Tuesday 19th November 2013
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Cavalier Corp, the listed carpet-maker, is forecasting annual earnings growth of up to 51 percent after the company overhauled its business in the face of stiff competition from synthetic carpet manufacturers.
The company forecasts normalised earnings of between $8 million and $10 million in the year ending June 30, 2014, managing director Colin McKenzie told shareholders at today's annual meeting in Auckland. That's up from $6.6 million in 2013, and comes after Cavalier clamped down on costs as it reduced brands, added a synthetic range, cut debt and inventory, closed and consolidated operations, and laid-off staff.
"While we have been through two difficult years, and profits have fallen well below traditional levels, they have forced the company to take a close look at itself and change many aspects of the business so that we are better-placed to improve Cavalier's performance," McKenzie said in speech notes published on the stock exchange.
"We have reduced the cost base to more appropriate levels, streamlined the business, developed and introduced new products and channels and formalised strategic plans for the main businesses," he said.
Cavalier's margins came under pressure during the 2011 peak in wool prices when it was unable to raise prices enough to cover the increased cost of the wool.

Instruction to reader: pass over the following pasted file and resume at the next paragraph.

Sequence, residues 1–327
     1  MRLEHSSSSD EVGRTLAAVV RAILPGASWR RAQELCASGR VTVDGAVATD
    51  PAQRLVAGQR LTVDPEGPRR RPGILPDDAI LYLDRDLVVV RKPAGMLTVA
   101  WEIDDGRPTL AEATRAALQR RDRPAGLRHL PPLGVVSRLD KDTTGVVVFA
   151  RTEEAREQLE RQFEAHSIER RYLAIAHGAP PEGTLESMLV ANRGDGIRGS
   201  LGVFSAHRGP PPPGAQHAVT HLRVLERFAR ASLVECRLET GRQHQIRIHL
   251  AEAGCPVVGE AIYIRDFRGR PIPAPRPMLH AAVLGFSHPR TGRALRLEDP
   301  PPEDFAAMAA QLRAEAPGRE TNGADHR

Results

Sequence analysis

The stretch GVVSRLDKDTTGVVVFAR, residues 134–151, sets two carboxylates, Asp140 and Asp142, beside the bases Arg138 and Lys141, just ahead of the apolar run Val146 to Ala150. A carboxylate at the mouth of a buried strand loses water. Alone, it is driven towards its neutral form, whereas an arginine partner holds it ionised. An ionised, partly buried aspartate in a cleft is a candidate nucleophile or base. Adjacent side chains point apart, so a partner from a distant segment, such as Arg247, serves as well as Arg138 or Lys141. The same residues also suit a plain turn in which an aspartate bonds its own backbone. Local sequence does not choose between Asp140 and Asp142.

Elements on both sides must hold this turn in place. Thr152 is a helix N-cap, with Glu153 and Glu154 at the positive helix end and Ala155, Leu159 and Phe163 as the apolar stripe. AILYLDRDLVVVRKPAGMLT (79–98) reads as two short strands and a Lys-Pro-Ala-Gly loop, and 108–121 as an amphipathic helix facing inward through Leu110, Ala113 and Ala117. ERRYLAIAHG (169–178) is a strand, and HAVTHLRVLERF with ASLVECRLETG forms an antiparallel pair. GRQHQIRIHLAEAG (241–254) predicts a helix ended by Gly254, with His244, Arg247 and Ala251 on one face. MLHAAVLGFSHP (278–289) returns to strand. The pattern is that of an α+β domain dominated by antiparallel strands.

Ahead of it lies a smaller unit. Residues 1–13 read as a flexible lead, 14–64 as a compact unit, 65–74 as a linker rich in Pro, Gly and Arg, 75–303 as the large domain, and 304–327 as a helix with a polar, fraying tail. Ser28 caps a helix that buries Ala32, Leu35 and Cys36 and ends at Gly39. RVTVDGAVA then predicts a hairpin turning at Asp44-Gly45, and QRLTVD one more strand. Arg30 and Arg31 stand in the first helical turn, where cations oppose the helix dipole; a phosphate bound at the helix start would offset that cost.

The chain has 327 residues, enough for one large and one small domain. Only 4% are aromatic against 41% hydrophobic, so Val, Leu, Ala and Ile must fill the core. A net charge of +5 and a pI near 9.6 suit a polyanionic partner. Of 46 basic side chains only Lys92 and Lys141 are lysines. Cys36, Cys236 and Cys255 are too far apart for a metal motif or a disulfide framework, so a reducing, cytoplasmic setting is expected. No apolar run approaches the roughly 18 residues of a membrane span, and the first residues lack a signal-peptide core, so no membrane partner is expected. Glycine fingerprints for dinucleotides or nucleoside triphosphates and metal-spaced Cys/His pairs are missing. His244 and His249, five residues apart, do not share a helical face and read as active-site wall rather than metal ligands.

McKenzie said the 2014 financial year has started slower than they wanted, but is "significantly ahead" of the same period a year earlier.
"The main shortfall has been in the carpet business where margins and volumes have been below expectations," he said. "However, confidence does appear to be improving in both New Zealand and Australia, so at this stage, we are reasonably comfortable that we will meet targets for the remainder of the year."
Chairman Alan Jackson said the company's board has decided to move to a twice-yearly dividend policy, from its previous practice of three payments a year.
The company's shares were unchanged at $1.94, and have climbed 15 percent, just below the 17 percent gain in the NZX All Index, a capital measure of all domestic stocks, over the same period.
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